This question mentions the following story of a sage, a hunter and a wild animal being hunted. This story appears to convey the same message as the Valāka story Kṛṣṇa narrates to Arjuna in Karṇa-parva of the Mahābhārata according to which Valāka goes to hell for speaking truth but failing to uphold dharma.

For example, there is a story that I have heard in which a hunter hunting an animal comes to a Sage and asks whether he has seen it or not.

Sage says, "what the eyes can see, the mouth can't speak and what the mouth can speak, the eyes can't see".

He didn't utter a lie because he was intelligent and he escaped from the situation.

What exact story is the above referring to? And which scripture is the story taken from?

What is the Sanskrit verse for the line that means 'what the eyes can see, the mouth can't speak and what the mouth can speak, the eyes can't see'?

  • I once heard this story in context of a example of tark shastra (persuasion/negotiation) or whatever we say for this kind of technique. Commented Jan 4, 2017 at 9:11

1 Answer 1


The sage goes by various names: Satyatapas, Satyavrata, Utathya etc.

The full story is narrated in the Devī Bhāgavata, Skandha 3, Ch. XI.

23. Once on a time, a hunter named Nisâda, exceedingly clever in hunting, came accidentally with bows and arms in his hands, while hunting a deer in that wide forest. He looked like a second God of Death (Yama) and seemed to be very cruel.

24. That savage mountaineer, drawing his bow so as to touch the ear, pierced a boar with his sharp arrows. The boar, being very much terrified, fled with enormous rapidity to the Muni Satyavrata.

...  ...

37. O Jamadagni! Thus placed between the horns of a religious dilemma what shall I do now so as to meet both the ends -- to save the life of the boar, to do the welfare, as well as not to speak untruth.”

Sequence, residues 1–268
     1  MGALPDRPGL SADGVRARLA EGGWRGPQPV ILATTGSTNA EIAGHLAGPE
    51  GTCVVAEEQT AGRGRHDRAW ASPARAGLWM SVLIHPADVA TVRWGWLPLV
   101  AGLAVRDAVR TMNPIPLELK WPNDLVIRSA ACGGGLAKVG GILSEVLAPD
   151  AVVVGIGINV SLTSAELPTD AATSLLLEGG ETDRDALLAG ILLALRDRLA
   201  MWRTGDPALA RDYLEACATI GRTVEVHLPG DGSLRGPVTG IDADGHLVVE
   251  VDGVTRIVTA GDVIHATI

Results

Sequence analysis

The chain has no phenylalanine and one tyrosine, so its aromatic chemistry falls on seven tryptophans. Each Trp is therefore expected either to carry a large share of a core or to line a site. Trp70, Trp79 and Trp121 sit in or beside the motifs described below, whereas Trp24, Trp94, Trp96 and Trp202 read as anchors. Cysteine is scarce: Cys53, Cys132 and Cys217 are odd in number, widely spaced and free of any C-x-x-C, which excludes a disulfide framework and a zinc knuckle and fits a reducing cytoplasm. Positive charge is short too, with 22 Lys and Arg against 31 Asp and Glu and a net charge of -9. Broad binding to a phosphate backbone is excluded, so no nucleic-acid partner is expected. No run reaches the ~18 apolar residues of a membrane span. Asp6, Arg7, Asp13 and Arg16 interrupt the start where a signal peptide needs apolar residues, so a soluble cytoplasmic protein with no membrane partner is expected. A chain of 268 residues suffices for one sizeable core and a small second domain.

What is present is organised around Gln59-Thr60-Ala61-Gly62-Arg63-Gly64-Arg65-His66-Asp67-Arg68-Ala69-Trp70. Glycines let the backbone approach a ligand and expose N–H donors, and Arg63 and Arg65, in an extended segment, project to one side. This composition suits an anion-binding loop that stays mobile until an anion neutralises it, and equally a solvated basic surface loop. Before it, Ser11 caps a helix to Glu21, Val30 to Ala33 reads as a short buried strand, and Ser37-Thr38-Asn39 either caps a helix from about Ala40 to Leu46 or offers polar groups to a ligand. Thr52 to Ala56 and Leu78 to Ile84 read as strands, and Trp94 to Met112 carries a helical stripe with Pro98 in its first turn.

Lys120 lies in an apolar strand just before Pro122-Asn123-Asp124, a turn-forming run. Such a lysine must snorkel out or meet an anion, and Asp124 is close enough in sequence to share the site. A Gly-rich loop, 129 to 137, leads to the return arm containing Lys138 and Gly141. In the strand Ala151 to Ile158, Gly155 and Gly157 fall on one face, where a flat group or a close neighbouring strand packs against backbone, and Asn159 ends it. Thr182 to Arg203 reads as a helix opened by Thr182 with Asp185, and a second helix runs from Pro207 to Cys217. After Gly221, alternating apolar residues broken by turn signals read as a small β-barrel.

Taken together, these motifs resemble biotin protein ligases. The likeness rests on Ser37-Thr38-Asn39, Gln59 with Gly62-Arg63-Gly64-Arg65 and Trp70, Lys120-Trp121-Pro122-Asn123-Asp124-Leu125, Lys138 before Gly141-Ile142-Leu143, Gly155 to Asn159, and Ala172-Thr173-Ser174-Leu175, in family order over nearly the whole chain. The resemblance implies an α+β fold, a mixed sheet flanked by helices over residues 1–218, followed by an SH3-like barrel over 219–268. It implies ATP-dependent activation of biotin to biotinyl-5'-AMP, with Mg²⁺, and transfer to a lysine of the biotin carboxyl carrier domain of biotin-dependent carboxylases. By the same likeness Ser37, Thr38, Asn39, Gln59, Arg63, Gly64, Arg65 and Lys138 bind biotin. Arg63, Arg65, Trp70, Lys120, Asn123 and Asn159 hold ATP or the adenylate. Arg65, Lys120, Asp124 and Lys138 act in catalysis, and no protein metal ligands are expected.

38. When Satyavrata saw the boar wounded by the arrow of the hunter, he, moved with pity, uttered the seed mantra of the Goddess of Learning; and now that most auspicious Goddess, on account of his uttering Her seed mantram, was very pleased and gave him the knowledge, difficult to be attained otherwise.

39. The door of all his knowledge opened out at once, and he became at once instantly the seer, the poet like the ancient Muni Vâlmikî.

40. Then that religiously disposed, merciful Brâhman, aiming at Truth, addressed that hunter before him with bows in his arms, thus :--

41. That force which sees (as witness) never speaks; and that force which speaks, never sees. O hunter! Why are you asking me repeatedly, impelled by your own selfish desire?

42. The hunter, the killer of the animals, on hearing this was disappointed in the matter of finding out the boar and went back to his home.

43. That Brâhmin turned out a poet like Varuna and he became celebrated as Satyavrata, the speaker of truth, in all the worlds.

44. He began to recite the Satyavrata mantram duly, and, by its influence, became a Pundit, rivalled by none in this world.

The verse uttered by Satyatapas to confuse the hunter is:

या पश्यति न सा ब्रूते या ब्रूते सा न पश्यति ।
अहो व्याध स्वकार्याथिन्कि पृच्छसि पुनः पुनः ॥

yā paśyati na sā brūte yā brūte sā na paśyati
aho vyādha svakāryāthinki pṛcchasi punaḥ punaḥ ॥

He who sees does not speak. He who speaks, does not see.
Selfish hunter, whom do you ask again and again?

In the Puranic Encyclopedia, you can read the brief history of how the brāhmaṇa boy named Utathya was cursed and how he transformed himself into Satyatapas.

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